Can you tell us about the years you spent away from your family and your return to Yiddishkeit? (continuation of last week)
There was a man by the name of Rabbi Neuman, from Manchester, staying on this kibbutz at the same time. We got to speaking and when he found out that we lived in Chester, he was horrified. He said “What is a Jewish boy doing in Chester?” After some correspondence, Rabbi Neuman arranged with a committee from Manchester that took care of orphans to take care of us. They arrived at the house of the Angelworths to take us away. The Angelworths were very upset. “We gave them everything; they are like children to us, now you are going to take them away?”
I was taken to a hostel in Manchester and from there I was to be sent to a kibbutz in Eretz Yisrael called Shomer Hatzair. Shomer Hatzair is a real left-wing kibbutz. There were some religious boys in that hostel as well, and in the middle of the night one of the boys took me aside and said, “Come with me, you’re not going to this kibbutz.” He took me to the home of Rabbi Halpern. From there I was sent to a yeshivah 18 miles outside of London. The bachurim there were very kind to me and they taught me alef-beis. They taught me with love and kindness. Slowly I caught on. Every day we learned Chumash and Mishnayos. In the afternoon we had an English program. I developed a true love for learning.
The bachurim in the yeshivah were very poor. Every Friday the Rosh Yeshivah would take a few bachurim to the East Side in London to pick up some clothing. One boy got pair of trousers, one boy got a shirt, and so on.
What brought you to America?
It was about 1948 when the Skvere Rebbe, zy”a, was passing through England on his way to America from Bucharest, after having suffered a lot in the war. The Rebbe gave us a shmuess and I was very pulled toward him. I went in [to speak to] him once more before he traveled to America. After that second meeting, I felt I had to follow the Rebbe to America.
At this point one of the best bachurim in the yeshivah, Reb Herschel Ginsberg, decided to go to America. I took him to the boat, the Queen Elizabeth, which would take him across the ocean. My parting words to him were, “Reb Herschel you must send me an affidavit to come to America.” Sure enough, around Selichos time, Reb Herschel sent two affidavits: one for a young man name Reb Yona Phillip, z”l, [who] was a Dayan in Monroe, and one for myself.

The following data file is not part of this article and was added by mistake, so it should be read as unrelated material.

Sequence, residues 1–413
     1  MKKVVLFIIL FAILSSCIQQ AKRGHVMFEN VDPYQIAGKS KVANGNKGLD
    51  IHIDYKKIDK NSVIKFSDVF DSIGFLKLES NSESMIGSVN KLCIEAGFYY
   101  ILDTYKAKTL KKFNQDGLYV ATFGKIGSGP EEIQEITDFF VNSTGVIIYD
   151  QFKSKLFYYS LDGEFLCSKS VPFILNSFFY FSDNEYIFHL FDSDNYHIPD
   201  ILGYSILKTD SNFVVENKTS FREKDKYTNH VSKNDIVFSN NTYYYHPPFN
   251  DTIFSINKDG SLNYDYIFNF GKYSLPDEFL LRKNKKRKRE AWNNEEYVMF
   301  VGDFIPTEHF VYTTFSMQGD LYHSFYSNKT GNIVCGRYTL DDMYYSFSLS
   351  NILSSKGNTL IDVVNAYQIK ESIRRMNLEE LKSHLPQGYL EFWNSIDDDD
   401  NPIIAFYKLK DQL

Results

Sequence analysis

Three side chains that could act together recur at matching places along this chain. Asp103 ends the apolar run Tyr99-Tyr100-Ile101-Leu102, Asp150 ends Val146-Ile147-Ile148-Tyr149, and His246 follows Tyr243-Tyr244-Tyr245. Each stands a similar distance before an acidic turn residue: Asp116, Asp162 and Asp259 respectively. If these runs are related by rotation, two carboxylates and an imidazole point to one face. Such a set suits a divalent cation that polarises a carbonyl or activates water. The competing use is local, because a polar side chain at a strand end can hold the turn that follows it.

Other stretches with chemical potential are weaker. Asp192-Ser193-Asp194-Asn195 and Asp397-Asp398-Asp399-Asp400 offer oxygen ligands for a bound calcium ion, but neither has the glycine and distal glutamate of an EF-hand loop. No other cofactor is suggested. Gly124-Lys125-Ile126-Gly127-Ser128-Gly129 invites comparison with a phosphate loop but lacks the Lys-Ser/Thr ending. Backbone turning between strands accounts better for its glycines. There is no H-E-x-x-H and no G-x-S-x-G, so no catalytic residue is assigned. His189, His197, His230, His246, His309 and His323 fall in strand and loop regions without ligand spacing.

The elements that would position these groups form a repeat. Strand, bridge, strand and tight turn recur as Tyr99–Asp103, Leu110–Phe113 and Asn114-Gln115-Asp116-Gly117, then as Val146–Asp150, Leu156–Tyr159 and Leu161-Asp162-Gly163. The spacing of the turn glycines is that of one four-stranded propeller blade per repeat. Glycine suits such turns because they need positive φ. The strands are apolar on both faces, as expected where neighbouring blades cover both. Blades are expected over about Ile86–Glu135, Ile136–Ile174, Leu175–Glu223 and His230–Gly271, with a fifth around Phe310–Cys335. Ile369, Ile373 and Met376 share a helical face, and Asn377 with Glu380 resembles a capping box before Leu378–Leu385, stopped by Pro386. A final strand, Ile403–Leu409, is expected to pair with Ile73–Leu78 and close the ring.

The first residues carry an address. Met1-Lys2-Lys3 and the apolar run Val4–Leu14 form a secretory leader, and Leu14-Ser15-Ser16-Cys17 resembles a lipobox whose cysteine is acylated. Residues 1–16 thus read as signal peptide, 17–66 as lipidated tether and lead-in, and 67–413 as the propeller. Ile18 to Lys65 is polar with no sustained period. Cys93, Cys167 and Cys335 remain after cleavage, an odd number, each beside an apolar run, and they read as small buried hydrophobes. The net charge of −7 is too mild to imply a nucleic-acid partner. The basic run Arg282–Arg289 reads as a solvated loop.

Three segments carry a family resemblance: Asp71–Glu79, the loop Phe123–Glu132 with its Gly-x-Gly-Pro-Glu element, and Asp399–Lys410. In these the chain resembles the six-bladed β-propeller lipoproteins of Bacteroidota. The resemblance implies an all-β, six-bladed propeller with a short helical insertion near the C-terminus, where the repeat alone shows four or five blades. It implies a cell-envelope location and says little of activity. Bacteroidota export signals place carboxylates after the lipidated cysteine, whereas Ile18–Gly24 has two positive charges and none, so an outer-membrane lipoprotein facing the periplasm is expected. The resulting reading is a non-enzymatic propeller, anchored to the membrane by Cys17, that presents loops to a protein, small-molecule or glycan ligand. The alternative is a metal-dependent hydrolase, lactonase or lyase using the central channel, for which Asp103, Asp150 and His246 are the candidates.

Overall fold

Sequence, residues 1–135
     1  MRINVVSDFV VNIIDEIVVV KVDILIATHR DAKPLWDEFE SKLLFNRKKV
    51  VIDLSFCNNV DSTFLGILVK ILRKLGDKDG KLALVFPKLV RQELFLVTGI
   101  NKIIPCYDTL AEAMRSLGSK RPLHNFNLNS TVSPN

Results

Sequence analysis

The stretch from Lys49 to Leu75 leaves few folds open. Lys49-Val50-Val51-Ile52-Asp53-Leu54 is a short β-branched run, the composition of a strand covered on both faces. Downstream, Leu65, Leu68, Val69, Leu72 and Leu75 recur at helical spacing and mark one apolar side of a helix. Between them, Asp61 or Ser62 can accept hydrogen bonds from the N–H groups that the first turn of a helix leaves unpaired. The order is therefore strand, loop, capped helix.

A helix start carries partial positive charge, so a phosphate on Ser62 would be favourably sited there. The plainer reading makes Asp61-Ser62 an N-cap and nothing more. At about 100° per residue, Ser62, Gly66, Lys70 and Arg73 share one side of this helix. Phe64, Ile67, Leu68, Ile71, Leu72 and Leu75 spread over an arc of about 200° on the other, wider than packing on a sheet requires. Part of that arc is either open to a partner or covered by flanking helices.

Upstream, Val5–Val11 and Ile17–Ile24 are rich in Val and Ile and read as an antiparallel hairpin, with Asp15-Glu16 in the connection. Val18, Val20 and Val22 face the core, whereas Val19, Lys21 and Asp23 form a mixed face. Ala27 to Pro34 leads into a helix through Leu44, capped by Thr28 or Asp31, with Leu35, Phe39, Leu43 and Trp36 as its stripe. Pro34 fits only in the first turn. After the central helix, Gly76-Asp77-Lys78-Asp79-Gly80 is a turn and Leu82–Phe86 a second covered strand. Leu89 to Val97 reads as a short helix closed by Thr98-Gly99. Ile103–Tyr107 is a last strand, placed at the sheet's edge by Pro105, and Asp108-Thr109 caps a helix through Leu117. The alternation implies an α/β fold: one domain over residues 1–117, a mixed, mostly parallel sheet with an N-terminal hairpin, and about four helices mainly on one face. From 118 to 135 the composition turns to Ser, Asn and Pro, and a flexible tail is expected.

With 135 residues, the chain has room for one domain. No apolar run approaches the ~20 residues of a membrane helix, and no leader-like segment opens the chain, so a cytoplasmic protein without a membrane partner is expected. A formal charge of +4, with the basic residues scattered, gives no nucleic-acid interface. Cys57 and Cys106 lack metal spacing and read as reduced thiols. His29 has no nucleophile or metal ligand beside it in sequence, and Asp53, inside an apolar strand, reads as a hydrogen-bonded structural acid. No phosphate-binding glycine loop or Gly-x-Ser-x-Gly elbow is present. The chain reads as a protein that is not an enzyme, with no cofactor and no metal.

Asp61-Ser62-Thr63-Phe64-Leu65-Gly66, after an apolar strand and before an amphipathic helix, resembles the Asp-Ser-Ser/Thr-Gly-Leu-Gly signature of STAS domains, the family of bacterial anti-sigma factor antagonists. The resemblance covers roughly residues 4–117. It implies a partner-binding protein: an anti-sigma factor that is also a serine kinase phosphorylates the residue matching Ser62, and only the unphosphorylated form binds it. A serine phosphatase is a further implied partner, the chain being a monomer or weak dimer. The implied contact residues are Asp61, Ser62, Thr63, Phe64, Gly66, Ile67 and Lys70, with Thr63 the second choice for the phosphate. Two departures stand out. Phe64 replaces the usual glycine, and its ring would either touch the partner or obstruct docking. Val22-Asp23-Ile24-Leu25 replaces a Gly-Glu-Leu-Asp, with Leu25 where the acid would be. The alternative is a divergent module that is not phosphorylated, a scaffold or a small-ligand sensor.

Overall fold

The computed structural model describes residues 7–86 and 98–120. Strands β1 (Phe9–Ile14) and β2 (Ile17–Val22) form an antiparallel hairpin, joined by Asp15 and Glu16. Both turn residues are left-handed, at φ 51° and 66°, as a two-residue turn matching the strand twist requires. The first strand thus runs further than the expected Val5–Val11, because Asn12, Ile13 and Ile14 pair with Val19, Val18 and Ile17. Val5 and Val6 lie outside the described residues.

The Rosh Yeshivah was very upset, since we were from his top talmidim. However, I felt that I had to leave, and so we left on a boat to America. When we arrived on the shores of America, they wouldn’t let us off the boat. They claimed that our passports were no good. We were informed that we were going back to England. We knew this wasn’t a possibility for us. We asked to be able to call a man by the name of Gedalia Schwartz in America, and we were granted permission. He came onto the boat and he got Mr. Itche Ochs to sign for us. He came and signed and then we were taken to Ellis Island.
It was not heaven on Ellis Island. It was quite an experience to live there with all the dirt and all the filth, but we had no choice. Itche Ochs was finally able to get us off Ellis Island, and he took us home to his house. The next morning we went straight to see the Skvere Rebbe. Yonah Philip went on to learn in Beis Medrash Elyon and I stayed with the Rebbe.
Can you leave us with a message?
I’ve had a very long and difficult life. I’m very close to Skver. The Rebbe once gave me a brachah that I should have arichas yamim veshanim. The Eibershter should help that all Yidden who need it should have a refuah sheleimah and be zocheh to greet Moshiach.
to be continued…
These survivors’ memoirs are being compiled by Project Witness.